As expected I made every mistake there is to make while self-publishing a novel. After its “Hydra leak” on the 1st of January I went through the Kindle version and found no less than 25 translation, formatting, or just-plain-dunce errors that had to be fixed.
The Orange Beast is still laughing at me for that.
However, I do feel better about this because if I hadn’t been so hopped up on cold medication I would have found those errors in the week prior to its official release anyway. This just means that those unfortunates who purchased the leaked novel are going to have a one-of-a-kind “whoopsie” version that no longer exists.
I’ll laugh about it in a couple of years, I’m sure.
In any case, the novel was fixed before its official release. (To include the spacing issue that had the printed version sitting at over 500 pages. That would be one of the just-plain-dunce errors.)
What have I learned from this whole self-publishing adventure?
1) Editors are worth their weight in gold.
No, seriously. They are. Those 25 errors were mostly formatting and translation problems that happened while I was bouncing between Scrivener and Word.
2) Never work while on cold medication.
3) Marketing is pretty much the same on your own as with a small press.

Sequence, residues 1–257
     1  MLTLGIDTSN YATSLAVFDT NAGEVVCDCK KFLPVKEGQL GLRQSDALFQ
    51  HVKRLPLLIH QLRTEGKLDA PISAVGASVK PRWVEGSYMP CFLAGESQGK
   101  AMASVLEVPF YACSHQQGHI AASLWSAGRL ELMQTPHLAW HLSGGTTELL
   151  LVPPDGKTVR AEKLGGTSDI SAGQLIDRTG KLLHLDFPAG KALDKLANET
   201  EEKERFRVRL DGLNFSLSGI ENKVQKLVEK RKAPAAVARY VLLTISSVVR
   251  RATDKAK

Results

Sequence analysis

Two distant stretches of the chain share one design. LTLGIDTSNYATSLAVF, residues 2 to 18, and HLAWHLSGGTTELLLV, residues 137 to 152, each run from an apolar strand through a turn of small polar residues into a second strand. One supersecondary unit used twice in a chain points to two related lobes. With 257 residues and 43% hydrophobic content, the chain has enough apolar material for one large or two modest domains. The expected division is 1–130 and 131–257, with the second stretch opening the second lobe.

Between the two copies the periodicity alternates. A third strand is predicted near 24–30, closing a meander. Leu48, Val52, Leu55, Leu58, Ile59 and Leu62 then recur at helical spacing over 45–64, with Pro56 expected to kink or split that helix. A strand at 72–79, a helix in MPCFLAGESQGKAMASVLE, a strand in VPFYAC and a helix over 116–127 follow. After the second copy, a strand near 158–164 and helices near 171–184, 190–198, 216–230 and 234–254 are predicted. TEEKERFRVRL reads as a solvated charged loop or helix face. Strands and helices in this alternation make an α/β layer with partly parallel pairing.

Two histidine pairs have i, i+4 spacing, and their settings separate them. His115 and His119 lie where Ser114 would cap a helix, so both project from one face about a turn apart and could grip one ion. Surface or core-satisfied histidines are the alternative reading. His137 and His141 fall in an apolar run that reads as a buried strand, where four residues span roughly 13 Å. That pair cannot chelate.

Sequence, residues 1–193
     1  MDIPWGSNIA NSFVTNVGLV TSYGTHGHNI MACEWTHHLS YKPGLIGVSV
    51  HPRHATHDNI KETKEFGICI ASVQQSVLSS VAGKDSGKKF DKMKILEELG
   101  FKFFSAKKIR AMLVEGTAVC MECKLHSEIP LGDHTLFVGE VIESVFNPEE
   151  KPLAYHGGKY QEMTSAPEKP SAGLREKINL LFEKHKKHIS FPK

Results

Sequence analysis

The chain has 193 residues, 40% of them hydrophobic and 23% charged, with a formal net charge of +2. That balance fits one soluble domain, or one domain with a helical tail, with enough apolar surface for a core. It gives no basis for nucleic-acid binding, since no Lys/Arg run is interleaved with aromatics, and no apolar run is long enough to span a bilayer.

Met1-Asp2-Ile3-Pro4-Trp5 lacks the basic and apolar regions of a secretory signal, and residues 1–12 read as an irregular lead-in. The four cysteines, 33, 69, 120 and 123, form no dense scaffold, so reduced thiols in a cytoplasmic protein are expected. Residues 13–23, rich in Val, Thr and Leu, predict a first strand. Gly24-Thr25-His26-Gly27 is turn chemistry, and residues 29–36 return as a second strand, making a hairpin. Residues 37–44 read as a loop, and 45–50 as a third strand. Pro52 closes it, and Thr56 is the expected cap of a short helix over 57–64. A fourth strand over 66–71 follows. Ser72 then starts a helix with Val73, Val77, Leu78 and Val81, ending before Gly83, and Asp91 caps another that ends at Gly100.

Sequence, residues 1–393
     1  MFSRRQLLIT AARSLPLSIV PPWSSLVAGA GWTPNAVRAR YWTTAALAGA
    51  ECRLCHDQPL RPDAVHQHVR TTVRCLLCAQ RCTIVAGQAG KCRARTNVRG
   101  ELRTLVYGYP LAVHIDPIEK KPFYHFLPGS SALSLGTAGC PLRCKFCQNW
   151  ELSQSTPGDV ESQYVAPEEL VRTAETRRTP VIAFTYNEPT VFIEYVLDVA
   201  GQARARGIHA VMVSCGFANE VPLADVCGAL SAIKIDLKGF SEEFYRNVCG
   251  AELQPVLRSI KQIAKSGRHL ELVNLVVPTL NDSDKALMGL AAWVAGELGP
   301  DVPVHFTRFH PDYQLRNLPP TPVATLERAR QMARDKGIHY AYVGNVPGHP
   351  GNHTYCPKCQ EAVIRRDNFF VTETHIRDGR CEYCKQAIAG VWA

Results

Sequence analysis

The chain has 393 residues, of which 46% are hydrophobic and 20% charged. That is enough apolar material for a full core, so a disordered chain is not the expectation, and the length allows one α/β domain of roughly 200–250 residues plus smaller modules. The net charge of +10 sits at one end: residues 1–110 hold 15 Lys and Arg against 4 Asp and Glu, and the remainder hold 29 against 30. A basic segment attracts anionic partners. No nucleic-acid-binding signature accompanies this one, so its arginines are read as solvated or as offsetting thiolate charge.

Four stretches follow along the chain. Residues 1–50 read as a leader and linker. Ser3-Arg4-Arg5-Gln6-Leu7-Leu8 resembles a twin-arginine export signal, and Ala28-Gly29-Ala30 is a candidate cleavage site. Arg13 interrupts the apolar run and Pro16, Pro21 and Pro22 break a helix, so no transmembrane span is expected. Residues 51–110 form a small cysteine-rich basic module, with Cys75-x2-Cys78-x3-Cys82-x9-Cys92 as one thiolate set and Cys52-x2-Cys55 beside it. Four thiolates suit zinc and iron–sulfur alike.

Yeah, there’s really very little difference here. As much as I love my publishers and the validation they gave me for even accepting my work to begin with, a book doesn’t just fly off the virtual shelves on its own.
That said, I’m still not doing much marketing-wise. I’ll submit Tapped to various review sites and all that, but otherwise I’m not going to stress this point. I made this decision way back when Sedition was first published and while it makes no “business sense” I’m sticking to it.
I want to be a better storyteller. I want to tell stories that move people, even if it’s only a select number of people. I feel totally awesome about the readership I already have. (Hey, Readers! I uber loves you all!)
4) This is fun.
In spite of my fights with Scrivener and my frustration with Word and staring at documents for hours on end while trying to make the formatting right, I had a lot of fun doing this. Don’t ask me why. I think only writers can really understand it.
To sum up, I will probably do this with more than just the Tapped series.
Yes, I understand the stigma that comes with self-published authors but I’m going to lean back on the real tradition here; the tradition of storytellers wandering from place to place, giving their entertainment away for lodging or food. Celebrities for a night or a day, or a holiday week, and then they faded into the background directly after their job was done.
They didn’t have publishers back then, just word of mouth and a distinct love for what they did.